Faculty of Information Technology
|Faculty||Faculty of Information Technology|
|Offered||Clayton First semester 2013 (Day)|
Sunway First semester 2013 (Day)
Clayton Second semester 2013 (Day)
Algorithms are recipes for solving a problem. They are fundamental to computer science and software engineering. Algorithms are the formal foundation of computer programming but also exist independently of computers as systematic problem-solving procedures. This unit introduces algorithmics, the study of algorithms. It is not about programming and coding but rather about understanding and analysing algorithms and about algorithmic problem-solving, i.e. the design of systematic problem-solving procedures. The unit will not require any knowledge of a programming language and is very hands-on. Students will develop algorithms to solve a wide variety of different problems, working individually as well as together in groups and as a class.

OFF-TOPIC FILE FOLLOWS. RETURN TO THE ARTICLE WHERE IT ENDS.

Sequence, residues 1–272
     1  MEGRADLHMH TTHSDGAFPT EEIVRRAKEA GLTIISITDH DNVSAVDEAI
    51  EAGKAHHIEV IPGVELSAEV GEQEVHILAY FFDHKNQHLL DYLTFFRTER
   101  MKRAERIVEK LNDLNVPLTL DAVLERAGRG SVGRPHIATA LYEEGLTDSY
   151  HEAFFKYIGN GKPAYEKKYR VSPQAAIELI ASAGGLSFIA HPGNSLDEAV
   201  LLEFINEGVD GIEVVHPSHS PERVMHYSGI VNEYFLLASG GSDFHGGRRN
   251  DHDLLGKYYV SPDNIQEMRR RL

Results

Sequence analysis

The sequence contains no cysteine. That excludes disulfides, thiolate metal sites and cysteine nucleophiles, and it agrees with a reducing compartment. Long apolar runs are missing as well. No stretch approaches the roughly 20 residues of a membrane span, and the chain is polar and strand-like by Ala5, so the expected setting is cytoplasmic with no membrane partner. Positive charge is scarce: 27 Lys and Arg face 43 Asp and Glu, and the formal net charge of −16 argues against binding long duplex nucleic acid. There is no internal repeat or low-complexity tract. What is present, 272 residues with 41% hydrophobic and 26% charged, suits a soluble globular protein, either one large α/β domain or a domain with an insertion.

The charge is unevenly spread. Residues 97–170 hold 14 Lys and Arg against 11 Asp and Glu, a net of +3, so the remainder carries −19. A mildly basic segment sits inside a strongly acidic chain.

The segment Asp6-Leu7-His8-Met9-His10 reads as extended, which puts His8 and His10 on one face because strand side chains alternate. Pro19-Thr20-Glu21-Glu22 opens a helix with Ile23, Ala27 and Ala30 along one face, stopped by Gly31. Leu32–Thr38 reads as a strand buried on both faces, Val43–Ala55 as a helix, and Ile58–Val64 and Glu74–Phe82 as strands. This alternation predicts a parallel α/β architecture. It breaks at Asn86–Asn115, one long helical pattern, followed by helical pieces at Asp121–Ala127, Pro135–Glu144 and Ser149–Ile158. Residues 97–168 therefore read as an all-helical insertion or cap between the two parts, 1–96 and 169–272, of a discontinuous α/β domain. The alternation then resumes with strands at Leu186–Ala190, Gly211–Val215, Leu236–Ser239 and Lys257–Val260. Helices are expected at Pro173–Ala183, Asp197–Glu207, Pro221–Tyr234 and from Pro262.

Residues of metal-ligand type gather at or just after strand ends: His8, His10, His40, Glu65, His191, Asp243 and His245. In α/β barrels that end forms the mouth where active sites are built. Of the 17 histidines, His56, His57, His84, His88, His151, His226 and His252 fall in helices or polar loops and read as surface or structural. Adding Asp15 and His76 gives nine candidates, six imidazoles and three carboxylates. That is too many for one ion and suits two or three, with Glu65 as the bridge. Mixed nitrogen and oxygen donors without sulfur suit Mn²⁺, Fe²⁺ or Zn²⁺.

Topics include: what is a computational problem and what is an algorithm; basic control structures; basic data structures; modular algorithm structure; recursion; problem-solving strategies for algorithm development; arguing correctness of an algorithm; arguing termination of an algorithm; understanding the efficiency of an algorithm; and limitations of algorithms.
At the completion of this unit students will have -
A knowledge and understanding of:
Developed the skills to:
Developed attitudes that enable them to:
Demonstrated the communication skills necessary to:
Examination (3 hours): 60%; In-semester assessment: 40%
2 hrs lectures/wk, 2 hrs tutorials/wk